Advertisement
California

Late-spring rainstorm will hit Southern California this weekend

Huntington Beach
Surfer and Huntington Beach lifeguard Jachin Hamborg watches the dramatic sky and waves after surfing following his lifeguarding shift at dusk at the Huntington Beach Pier.
(Allen J. Schaben / Los Angeles Times)

Southern California’s wet season is not quite over.

A late-spring storm is expected to bring rain — and perhaps even snow — to the region:

Rain total forecast for region
Rain total forecast for region (National Weather Service)

WHAT TO EXPECT

Sunday showers

Here’s the forecast for the Los Angeles area from the NWS:

Saturday: Cloudy with a slight chance of rain during the day and evening. Highs in the 60s.

Sunday: The chance of rain jumps to 60%, with showers most likely in the morning and tapering off in afternoon and evening. Some areas could see thunderstorms. Lightning is possible along the coast, and some mountains could get a dusting of snow. Highs in the 50s.

Monday: Rain is possible Monday morning, giving way to partly cloudy skies. Highs in the 70s.

The National Weather Service outlines what to expect this weekend.
The National Weather Service outlines what to expect this weekend. (NWS)

WHAT IS GOING ON?

A late-spring storm is not unusual

“This isn’t completely unusual, but we don’t get a lot of storms this late in the season,” Jimmy Taeger, a forecaster at the National Weather Service in Rancho Bernardo, told the San Diego Union-Tribune.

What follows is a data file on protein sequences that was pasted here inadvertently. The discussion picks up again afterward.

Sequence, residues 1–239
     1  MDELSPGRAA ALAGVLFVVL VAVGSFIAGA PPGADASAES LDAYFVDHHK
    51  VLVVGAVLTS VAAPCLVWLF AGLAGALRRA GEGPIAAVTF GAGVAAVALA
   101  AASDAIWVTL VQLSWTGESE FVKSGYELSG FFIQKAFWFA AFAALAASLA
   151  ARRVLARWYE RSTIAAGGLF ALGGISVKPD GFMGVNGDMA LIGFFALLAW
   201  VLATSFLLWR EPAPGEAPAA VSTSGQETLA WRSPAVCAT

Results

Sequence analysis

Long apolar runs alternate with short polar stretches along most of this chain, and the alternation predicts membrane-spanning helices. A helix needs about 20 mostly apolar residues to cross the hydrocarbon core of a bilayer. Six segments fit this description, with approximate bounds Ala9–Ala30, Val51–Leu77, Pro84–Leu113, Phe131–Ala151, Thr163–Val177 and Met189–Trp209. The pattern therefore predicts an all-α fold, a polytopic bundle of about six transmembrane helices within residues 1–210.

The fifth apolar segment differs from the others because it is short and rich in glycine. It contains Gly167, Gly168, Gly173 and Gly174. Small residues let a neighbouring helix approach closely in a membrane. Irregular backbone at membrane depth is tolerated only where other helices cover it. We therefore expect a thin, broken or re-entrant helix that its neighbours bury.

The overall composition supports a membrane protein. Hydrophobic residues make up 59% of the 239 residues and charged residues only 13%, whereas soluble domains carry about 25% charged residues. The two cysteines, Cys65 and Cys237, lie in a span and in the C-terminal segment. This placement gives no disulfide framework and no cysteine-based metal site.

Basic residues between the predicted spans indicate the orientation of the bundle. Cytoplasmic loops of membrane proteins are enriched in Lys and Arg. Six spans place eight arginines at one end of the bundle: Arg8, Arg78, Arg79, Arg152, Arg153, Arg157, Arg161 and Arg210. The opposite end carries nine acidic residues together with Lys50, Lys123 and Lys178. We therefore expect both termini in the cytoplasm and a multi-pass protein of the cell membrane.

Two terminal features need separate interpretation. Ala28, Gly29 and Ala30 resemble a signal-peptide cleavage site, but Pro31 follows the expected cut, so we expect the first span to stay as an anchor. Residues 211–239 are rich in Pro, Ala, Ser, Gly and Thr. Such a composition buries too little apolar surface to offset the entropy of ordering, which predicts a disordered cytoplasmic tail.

Motorists should watch for travel advisories in the mountains. An inch or two of snow could fall above the 5,000-foot level, and there could be trace amounts as low as 4,000 feet.

The cold and rain are expected to last into Monday, and the region won’t fully return to seasonal conditions until Wednesday.

Support our journalism

Already a subscriber? Thank you for your support. If you are not, please consider subscribing today. Get full access to our signature journalism for just 99 cents for the first four weeks.

ALSO

Sharks are thriving in Southern California but dying in the San Francisco Bay, experts say

Central California towns in trouble if Sierra snowpack melts too fast

Insects and disease are ravaging the Southland's urban trees. Who's going to stop them?


Newsletter
Get our Essential California newsletter
Advertisement